But why does #VenezuelaGritaLibertad?

In a nutshell, here are the three main reasons reported by The Washington Post last year:

  • Millions of people have fled the country seeking asylum in neighboring countries.
  • There is a shortage of food, medicine and work.
  • Approximately 25,000 people die every year in Venezuela.

Sadly, as much as neighbor countries would like to help the people of Venezuela, their economies are smaller than what is necessary to accommodate the millions of refugees escaping from Maduro’s regime. Here’s a snapshot of the hyperinflation causing this desperation:

Bloomberg chart showing hyperinflation in Venezuela

Is everybody against Maduro?

Actually, no. The key players in keeping or denouncing Maduro from power, the military forces, are with him. Just like them, most government affiliated players and their families support the president – their boss. Shocking.

So who’s with Guaidó?

Things are still a bit crazy to put it mildly. U.S. Secretary of Defense, Mike Pompeo has called on other countries to state their support for Guaidó or Maduro. Decisions are still to be made and America’s eyes are on Mexico. Yesterday, the Secretary of Defense issued an official statement that the country would not get involved in this issue. It seems Mexico is playing the neutral card (hi Switzerland). Here’s an updated map by Wikipedia showing which countries support Maduro, the National Assembly, or Guaidó.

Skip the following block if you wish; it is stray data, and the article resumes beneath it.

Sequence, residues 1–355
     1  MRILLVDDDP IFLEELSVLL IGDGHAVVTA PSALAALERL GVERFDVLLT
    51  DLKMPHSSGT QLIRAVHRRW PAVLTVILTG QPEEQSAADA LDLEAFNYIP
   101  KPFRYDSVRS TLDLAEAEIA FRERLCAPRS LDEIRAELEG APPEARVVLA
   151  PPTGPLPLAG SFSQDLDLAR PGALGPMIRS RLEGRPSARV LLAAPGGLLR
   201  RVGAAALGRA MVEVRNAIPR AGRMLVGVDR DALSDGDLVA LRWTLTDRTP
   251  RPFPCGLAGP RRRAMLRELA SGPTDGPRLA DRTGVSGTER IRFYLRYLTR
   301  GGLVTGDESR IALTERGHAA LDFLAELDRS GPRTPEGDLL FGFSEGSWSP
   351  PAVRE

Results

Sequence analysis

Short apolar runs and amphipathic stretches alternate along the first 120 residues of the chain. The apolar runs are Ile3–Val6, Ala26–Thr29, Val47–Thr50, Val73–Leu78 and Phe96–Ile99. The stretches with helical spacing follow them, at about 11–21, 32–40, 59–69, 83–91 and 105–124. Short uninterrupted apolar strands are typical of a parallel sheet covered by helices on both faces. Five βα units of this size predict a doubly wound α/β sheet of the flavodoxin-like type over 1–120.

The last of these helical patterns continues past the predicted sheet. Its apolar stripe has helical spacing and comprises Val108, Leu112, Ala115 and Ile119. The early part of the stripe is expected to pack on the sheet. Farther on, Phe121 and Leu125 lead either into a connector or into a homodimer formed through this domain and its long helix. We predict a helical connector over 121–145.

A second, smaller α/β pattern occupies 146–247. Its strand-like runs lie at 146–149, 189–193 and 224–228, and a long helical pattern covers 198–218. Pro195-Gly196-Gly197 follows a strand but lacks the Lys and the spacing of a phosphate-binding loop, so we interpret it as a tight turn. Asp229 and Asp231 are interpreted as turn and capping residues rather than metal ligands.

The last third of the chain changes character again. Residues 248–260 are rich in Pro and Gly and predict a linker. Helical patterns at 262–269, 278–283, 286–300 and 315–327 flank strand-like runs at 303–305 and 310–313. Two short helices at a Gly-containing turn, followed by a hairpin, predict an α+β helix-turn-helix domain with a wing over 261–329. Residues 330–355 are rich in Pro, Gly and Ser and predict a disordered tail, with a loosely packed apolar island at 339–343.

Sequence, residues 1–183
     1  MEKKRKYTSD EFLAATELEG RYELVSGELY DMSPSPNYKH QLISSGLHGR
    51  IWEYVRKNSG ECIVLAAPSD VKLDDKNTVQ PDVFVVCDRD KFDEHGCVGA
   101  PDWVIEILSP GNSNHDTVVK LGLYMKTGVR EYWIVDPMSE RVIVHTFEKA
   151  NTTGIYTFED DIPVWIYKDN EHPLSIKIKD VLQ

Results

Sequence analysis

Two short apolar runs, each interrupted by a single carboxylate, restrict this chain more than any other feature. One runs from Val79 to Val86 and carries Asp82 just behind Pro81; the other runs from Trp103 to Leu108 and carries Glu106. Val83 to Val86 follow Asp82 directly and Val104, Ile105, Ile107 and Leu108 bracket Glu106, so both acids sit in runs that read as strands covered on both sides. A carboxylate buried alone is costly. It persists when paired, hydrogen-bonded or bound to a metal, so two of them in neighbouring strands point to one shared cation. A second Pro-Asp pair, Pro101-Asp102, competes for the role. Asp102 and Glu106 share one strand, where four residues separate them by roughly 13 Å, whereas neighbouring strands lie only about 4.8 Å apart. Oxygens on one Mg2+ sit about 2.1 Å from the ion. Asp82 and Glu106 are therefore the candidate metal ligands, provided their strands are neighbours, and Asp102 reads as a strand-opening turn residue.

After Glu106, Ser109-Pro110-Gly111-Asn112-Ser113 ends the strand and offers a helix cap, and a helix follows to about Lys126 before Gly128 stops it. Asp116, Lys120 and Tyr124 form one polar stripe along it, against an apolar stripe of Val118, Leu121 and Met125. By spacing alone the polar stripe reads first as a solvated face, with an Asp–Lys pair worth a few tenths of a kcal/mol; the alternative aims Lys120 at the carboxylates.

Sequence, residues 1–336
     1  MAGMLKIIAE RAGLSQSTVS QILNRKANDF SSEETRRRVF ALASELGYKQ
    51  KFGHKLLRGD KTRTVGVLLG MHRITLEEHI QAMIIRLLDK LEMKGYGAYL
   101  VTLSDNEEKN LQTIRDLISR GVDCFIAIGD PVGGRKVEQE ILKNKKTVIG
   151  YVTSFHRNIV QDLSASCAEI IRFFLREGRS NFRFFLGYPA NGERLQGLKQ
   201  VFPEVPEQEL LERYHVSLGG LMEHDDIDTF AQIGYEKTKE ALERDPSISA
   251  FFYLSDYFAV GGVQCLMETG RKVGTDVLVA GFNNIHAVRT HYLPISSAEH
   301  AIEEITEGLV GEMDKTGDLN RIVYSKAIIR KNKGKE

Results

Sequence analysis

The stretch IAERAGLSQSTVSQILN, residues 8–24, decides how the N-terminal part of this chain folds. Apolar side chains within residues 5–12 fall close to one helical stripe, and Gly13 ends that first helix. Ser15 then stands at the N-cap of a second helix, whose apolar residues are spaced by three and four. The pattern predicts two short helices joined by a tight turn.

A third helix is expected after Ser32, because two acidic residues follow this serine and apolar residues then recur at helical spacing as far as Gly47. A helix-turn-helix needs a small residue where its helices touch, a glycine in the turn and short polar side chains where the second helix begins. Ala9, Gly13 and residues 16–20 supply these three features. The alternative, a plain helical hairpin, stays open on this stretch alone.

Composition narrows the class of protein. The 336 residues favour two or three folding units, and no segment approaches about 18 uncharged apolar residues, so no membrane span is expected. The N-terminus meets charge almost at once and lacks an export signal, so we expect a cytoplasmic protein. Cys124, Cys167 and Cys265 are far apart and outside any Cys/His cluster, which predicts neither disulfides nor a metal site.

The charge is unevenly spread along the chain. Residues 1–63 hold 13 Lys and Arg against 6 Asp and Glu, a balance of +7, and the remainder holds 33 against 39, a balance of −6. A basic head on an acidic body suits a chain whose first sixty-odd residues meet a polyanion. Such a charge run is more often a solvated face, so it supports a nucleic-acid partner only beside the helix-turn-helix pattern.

(Dark Blue: Countries recognizing Guaidó, Light Blue: Countries supporting the National Assembly, Red: Countries recognizing Maduro)

Wikipedia map showing in blue and red which countries support Maduro vs Guaidó.
Wikipedia map showing which countries support Maduro vs Guaidó. The world is divided.

In a special coverage of the Venezuela presidential crisis by Spanish TV, El País, guest diplomat, ex-ambassador of Venezuela, Fernando Gerbasi invited the international community to denounce the regime of Nicolas Maduro, support Juan Guaidó or request re-elections. “To help. International pressure is needed to recognize what the Venezuela constitution states which is to recognize Juan Guaidó as interim President.”

Naturally, no parties for now

Yesterday, the location for this year’s baseball Caribbean Series was announced. Due to security reasons as a result of the Presidential crisis, the baseball series had to change locations from Barquisimeto, Venezuela to Estadio Nacional de Panamá in Panama City, Panama.

And Maduro is not happy about that: “The decision taken by the Caribbean Baseball Confederation is an immoral act that obeys the interests of the big leagues, the U.S. government and the Venezuelan right wing. Everything was ready for a great Caribbean Series, and they stole it from us. They politicized the sport.”

What can you do to help? Stay informed. Show your support on social media and most importantly write letters to your representatives asking for peace in Venezuela.

#VenezuelaGritaLibertad